I’ve written several times about how much I enjoy the Bogleheads forum. While there’s a wide variety of investing-related discussion there, my favorite posts are the simple nuts and bolts ones in which an investor outlines his/her portfolio and other forum members give feedback.
I think it’s fun to see a jumbled mess of a portfolio get cleaned up into something that’s more diversified, lower-cost, and easier to manage. That’s why, when I’m checking out a portfolio, there are three questions I seek to answer:
- Is the overall asset allocation appropriate?
- Are there any opportunities to cut costs (including taxes)?
- Are there any opportunities to simplify?
When answering these three questions, it’s important to remember is that it’s all one portfolio. By implementing your desired asset allocation at the portfolio level (as opposed to in each individual account), you often create opportunities for cost savings and simplification.
Checking the Asset Allocation
As we’ve discussed before, asset allocation is not a precise sort of thing (nor, for that matter, is the concept of risk tolerance, on which an investor’s allocation should be based). As a result, for a given investor, there are countless possible allocations that could be acceptable.
So, for the most part, this step is just a quick check to make sure that there’s nothing that’s clearly wrong (such as a very large allocation to one individual stock or an extremely stock-heavy allocation when the investor has provided no information that would indicate that he/she has a super-high risk tolerance).
Cutting Costs: Start with the 401(k)
When searching for cost saving opportunities, the first place to look is your 401(k). The reason to start here is that all your other accounts (that is, IRAs and regular brokerage accounts) can be held at your brokerage firm of choice, thereby giving you access to low-cost investments in each asset class in these accounts, whereas you don’t always have great options in a 401(k).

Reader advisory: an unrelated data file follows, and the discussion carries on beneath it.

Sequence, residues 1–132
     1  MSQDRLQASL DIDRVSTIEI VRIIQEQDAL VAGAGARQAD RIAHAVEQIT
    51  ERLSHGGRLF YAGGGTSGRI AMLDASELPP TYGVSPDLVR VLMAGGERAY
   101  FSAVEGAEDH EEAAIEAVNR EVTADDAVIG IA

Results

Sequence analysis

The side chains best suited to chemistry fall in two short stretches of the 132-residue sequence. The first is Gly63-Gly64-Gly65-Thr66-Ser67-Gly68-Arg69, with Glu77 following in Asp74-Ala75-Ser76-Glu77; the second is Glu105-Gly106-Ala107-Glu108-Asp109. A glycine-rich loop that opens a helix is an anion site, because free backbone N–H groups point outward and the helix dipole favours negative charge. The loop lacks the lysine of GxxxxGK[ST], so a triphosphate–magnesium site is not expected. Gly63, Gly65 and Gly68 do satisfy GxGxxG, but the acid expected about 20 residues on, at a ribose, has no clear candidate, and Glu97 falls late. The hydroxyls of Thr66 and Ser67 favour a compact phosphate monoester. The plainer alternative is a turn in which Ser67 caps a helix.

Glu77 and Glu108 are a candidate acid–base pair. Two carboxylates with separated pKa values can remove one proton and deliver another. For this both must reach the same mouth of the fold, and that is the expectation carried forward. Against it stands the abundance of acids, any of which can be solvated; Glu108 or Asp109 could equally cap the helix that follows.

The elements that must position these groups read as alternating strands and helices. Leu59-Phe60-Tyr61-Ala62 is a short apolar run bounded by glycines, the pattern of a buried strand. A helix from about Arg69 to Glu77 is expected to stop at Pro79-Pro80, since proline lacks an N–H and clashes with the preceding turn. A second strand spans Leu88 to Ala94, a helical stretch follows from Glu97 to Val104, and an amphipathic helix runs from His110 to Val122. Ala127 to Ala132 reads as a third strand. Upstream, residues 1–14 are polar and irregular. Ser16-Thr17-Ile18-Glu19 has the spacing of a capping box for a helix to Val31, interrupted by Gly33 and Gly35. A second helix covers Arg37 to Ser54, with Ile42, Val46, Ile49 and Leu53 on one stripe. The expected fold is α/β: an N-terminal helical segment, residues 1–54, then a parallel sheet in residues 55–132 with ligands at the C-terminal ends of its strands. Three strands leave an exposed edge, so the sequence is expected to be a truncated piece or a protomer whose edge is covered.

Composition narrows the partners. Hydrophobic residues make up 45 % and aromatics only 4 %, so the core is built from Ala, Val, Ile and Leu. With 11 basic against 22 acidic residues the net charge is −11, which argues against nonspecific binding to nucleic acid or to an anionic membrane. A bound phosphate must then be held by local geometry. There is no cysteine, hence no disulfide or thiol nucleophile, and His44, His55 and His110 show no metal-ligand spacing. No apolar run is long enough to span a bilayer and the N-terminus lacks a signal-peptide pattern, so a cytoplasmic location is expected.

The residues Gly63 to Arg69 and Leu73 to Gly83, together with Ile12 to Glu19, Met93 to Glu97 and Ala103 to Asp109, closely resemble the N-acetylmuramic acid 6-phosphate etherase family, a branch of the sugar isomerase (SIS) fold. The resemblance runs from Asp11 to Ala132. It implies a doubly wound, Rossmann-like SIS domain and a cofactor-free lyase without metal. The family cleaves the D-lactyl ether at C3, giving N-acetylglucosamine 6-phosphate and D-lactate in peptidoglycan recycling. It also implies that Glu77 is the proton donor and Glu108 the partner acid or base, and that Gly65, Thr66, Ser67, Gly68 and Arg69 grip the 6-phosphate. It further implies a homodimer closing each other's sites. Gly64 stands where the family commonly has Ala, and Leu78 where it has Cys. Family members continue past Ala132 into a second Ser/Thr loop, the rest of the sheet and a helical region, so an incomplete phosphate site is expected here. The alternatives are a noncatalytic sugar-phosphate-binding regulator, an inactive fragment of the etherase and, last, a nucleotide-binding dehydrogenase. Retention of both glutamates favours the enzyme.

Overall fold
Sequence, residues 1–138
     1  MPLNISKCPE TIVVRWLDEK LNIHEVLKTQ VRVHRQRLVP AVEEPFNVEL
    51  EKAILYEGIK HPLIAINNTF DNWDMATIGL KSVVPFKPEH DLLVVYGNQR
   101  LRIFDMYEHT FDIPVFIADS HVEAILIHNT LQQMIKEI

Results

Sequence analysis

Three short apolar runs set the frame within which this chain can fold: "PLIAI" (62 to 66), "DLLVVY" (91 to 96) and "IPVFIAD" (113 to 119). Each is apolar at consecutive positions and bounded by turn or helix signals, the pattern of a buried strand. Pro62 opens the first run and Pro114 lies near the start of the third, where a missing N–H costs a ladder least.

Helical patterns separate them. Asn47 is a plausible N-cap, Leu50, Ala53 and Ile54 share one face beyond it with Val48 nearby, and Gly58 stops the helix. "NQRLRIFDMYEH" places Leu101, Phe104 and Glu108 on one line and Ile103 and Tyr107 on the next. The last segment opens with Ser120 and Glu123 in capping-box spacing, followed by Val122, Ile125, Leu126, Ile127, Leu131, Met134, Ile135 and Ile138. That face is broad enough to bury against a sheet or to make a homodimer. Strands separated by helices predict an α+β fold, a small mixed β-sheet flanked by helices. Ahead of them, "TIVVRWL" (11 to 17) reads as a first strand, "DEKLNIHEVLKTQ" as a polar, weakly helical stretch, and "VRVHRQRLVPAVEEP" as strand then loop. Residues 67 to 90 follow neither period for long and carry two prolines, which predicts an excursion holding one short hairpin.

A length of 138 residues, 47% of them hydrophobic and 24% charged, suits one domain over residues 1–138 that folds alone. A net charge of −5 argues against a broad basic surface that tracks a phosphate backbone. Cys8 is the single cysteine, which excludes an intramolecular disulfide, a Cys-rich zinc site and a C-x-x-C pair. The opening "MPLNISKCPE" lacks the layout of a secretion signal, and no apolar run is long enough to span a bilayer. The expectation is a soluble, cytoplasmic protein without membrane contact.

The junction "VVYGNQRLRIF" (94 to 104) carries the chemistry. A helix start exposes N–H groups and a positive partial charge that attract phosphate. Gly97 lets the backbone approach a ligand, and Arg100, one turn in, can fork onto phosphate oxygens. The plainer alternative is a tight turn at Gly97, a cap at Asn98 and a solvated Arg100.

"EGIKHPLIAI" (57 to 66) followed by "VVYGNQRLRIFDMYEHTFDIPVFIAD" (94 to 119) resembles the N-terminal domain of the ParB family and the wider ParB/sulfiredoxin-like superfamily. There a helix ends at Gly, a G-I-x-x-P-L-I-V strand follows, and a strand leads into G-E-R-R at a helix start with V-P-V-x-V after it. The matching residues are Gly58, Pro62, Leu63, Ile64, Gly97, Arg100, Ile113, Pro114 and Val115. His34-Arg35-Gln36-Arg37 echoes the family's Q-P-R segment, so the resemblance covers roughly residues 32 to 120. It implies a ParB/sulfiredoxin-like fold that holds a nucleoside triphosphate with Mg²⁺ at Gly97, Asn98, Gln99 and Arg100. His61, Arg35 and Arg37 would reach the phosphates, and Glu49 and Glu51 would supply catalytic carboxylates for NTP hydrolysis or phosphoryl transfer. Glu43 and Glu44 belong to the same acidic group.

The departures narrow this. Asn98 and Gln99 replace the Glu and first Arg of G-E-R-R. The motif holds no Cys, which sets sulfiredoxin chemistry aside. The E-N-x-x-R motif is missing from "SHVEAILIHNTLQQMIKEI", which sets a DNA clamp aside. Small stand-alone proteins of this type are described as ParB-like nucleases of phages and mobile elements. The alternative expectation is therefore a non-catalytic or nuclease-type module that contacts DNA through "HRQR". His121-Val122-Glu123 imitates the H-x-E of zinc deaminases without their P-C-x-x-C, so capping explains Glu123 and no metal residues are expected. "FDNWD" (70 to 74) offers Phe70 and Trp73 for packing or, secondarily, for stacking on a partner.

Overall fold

So we start with the lowest-cost fund in the 401(k) and allocate as much as possible to that fund without messing up the desired overall allocation. For example, if:
- an investor’s 401(k) makes up 25% of her portfolio,
- the lowest-cost fund in the plan is a diversified U.S. stock fund, and
- her desired asset allocation necessitates holding 30% of her portfolio in U.S. stocks,
…then we’d allocate the entire 401(k) to that U.S. stock fund, and then use the other accounts to fill in the other necessary portions of the desired allocation.
In contrast, if we change the above example so that the investor’s 401(k) made up 40% of her total portfolio, then we would no longer want to allocate the entire 401(k) to the U.S. stock fund (because she only wants 30% of her portfolio in U.S. stocks). Instead, we’d allocate 3/4 of the 401(k) — or 30% of her total portfolio — to that fund in order to achieve her desired U.S. stock allocation. Then we would look for the next-lowest-cost fund in the plan and proceed from there.
Cost Savings: Tax-Efficiency
After doing everything possible to use low-cost investment choices, the next way to look for savings is to try to make things as tax-efficient as possible. The overall goal is to tax-shelter your least tax-efficient assets (REITs, high-yield bonds, and other taxable bonds) by putting them in your tax-sheltered accounts (IRA, 401(k), etc.) before tax-sheltering your more tax-efficient assets.
For most index fund or ETF portfolios, the most tax-efficient asset class is international stocks, so if you only need to leave one asset class in a taxable account, that’s likely to be your best bet.
With regard to simplification, the first and most obvious step is to minimize the number of accounts involved — combining all your non-401(k) accounts at one brokerage firm. (Personally, I like Vanguard. But they’re not the only good choice.)
The next step is to work to reduce the number of funds involved. In many cases this means using just 1 or 2 funds in each account, with the exception of one account (often the biggest one) in which you would hold each asset class and in which the necessary rebalancing would take place to keep the entire portfolio in line with the desired allocation.